The 2021/22 Premier League season is around the corner and for Tottenham, this season is their attempt to try and break back into Europe's elite. The North Londoners finished seventh in the 2020/21 Premier League season, qualified for the Europa Conference League and are under new management.
How well did Tottenham do in the 2020/21 Premier League season?
An opening day loss to Everton turned out to be the catfish of the season as Jose Mourinho’s side were first by December and were on an eleven game unbeaten run. But after that, things went down the drain as Spurs dropped from first….all the way to seventh ten games later. Six games later and Jose Mourinho was sacked by yet another Premier League club, bringing his tenure at Tottenham to an end.
That saw Ryan Mason take over, and he tried his level best to bring some freedom and hope into the side but they eventually spluttered over the finish line. If it wasn’t for the Europa Conference League then Tottenham wouldn’t even be playing European football next term, having finished seventh in the Premier League. Not only that, they reached their first cup final in over a decade and lost that 1-0 to Manchester City.
That only ticked on with losses to Everton in the fifth round of the FA Cup and a humiliating 5-3 on aggregate to Dinamo Zagreb despite a first-leg advantage. They still managed to finish the Premier League season with 18 wins, 8 draws and 12 losses. And their numbers went along the same tangent, as Spurs finished as the league’s fifth highest goalscorer (68), had the seventh highest xG per 90 (1.43), the ninth best assists per 90 (0.90) and had the thirteen highest key passes completed (307).
Spurs combined that with the eighth highest touches overall (24321) and the seventh best non-penalty xG or npxG (50.7). But they were all over the graph defensively as you would think especially given that very little improved under Jose Mourinho’s tenure but to be fair Spurs were broken when he took over. Still, Tottenham ended with the sixth best defensive record (45), the seventh best PSxG (Post-Shot Expected Goals) (47.0).
They also produced the fewest errors leading to a shot/goal (4), the eighth worst successful pressure percentage (28.0%). Not only that Spurs, committed the fifth most fouls (440), had the tenth best clean sheet percentage (31.6%) and did that while averaging the seventh best points per game (1.63).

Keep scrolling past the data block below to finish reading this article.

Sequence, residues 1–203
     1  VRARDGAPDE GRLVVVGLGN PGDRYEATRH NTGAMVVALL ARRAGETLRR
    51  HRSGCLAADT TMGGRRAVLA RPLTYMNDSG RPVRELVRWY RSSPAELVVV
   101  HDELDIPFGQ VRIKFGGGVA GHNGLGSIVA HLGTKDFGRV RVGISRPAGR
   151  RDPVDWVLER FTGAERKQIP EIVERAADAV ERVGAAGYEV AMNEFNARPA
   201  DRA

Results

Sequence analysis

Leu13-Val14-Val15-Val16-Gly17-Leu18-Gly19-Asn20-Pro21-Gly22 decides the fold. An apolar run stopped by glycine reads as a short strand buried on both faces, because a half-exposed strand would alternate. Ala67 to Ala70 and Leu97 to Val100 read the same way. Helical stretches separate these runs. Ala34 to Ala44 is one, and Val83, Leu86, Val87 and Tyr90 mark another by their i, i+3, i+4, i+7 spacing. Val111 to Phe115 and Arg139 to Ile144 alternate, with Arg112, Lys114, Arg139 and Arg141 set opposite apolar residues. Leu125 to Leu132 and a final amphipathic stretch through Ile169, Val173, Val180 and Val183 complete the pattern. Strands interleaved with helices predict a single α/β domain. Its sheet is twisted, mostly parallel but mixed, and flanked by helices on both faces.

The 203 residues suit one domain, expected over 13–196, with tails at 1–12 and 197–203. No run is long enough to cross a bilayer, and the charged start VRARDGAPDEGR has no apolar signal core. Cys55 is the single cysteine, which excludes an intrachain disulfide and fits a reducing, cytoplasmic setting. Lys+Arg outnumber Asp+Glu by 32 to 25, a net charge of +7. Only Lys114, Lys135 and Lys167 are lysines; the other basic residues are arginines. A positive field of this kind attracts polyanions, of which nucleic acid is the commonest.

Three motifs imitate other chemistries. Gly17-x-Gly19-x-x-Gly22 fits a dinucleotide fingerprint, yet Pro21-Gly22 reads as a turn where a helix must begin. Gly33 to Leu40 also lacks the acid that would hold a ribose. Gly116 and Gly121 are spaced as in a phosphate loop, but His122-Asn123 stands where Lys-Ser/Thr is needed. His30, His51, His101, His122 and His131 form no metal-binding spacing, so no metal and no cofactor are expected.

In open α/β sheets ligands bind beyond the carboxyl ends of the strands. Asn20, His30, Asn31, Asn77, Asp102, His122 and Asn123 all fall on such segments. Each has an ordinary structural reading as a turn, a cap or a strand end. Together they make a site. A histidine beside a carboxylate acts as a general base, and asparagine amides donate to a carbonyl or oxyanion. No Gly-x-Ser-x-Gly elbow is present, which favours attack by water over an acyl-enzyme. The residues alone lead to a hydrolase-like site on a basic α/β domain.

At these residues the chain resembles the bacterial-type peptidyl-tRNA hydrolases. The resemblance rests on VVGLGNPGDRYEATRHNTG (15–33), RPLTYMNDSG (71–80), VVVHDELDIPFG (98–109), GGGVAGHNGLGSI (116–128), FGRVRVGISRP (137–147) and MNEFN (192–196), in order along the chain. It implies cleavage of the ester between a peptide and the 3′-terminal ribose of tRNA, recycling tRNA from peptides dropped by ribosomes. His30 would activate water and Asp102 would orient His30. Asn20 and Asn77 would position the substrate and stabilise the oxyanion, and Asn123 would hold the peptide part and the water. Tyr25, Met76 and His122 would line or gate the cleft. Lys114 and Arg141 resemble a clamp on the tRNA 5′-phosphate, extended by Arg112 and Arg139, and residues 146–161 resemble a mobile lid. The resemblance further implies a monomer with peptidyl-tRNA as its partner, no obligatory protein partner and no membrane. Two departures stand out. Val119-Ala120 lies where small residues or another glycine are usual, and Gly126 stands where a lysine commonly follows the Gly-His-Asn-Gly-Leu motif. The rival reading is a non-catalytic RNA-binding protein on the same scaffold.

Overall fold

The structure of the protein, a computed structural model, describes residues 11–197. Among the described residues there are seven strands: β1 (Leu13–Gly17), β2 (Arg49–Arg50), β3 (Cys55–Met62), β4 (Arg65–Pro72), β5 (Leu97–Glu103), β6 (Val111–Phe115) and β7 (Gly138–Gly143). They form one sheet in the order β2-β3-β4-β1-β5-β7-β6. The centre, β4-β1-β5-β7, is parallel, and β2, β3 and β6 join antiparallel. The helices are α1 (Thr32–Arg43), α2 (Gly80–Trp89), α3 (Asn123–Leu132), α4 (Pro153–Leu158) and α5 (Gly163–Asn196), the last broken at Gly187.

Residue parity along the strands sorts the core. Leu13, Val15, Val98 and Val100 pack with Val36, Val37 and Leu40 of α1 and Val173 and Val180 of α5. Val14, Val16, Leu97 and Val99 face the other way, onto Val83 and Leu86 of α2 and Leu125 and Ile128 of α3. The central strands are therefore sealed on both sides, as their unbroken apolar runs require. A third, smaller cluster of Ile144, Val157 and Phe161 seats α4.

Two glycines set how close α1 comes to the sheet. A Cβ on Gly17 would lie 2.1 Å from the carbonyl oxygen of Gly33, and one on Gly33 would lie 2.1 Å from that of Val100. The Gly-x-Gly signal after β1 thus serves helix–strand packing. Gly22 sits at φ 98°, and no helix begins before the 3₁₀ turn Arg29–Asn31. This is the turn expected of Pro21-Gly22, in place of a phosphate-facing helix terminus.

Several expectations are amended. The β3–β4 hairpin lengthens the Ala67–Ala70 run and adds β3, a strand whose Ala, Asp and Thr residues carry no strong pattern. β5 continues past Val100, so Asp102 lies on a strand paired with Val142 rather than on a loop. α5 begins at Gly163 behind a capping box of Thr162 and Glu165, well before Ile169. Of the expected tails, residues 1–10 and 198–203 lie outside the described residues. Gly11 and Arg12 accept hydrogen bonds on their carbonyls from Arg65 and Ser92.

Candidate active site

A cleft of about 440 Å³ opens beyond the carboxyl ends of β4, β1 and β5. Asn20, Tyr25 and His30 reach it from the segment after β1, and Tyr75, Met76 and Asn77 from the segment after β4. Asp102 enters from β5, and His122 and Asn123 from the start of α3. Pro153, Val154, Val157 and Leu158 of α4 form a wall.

Improvements they’ve made so far
As transfer windows go, Tottenham have actually had a decent time so far. They’ve let Toby Alderweireld, Erik Lamela, Joe Hart, Juan Foyth, Paulo Gazzaniga and Danny Rose leave while bringing in Bryan Gil, Cristian Romero and Pierluigi Gollini to replace them. Both Romero and Gil are talented stars but their biggest concern has to be that man, yes that man aka Harry Kane. His absence from training, until a few days ago, has escalated things to a level few expected it to reach.
But then again Daniel Levy is a stubborn man who is willing to hold Kane hostage and at the moment, that’s exactly what the situation looks like. Yet, the problem is not selling Harry Kane, the problem is selling Harry Kane to Manchester City, a direct rival for top four and title positions. Now the former is realistic while the latter is what Tottenham expect to be challenging for. Because 100 million plus a few players is a deal that Spurs would have, in all likelihood, taken had it come from outside England.
But 150 million, or thereabouts, might even convince Tottenham to sell to Pep Guardiola’s “broke” side and almost transform their squad. And even then, replacing Kane might be tough but spend that money badly and pull a “Barcelona” is not something Spurs can afford to do. Still, Kane has three years left on his contract and that puts the ball in one court only even if Kane decides to disappear from this planet for the next three years.
How well could Tottenham do in the 2021/22 Premier League season?
Absolutely no-one knows how to predict a Tottenham side. They broke the pendulum last season by flying from one edge to the other, first to 10th before eventually clambering back up to 7th place for a decent finish. But what makes this even more complicated is the fact that the entire Harry Kane saga continues to rumble on and it seems to have absolutely no end in sight. Combine that with a new manager, a new defense, and what possibly be a new front-line, and Spurs will be lucky if they finish within the top six.
That's not their ceiling though because as they showcased, this is a side capable of finishing fifth, maybe even fourth with a lot of luck and by a lot of luck, we mean a lot of luck. They'll need every possible object known to provide luck in existence at the Tottenham Hotspur Stadium and then may need to summon a demon as a safety net. But their floor is where things get tricky because this side is more than capable of finishing well below 7th place. Not lower than 10th though because struggles or not, they're better than that.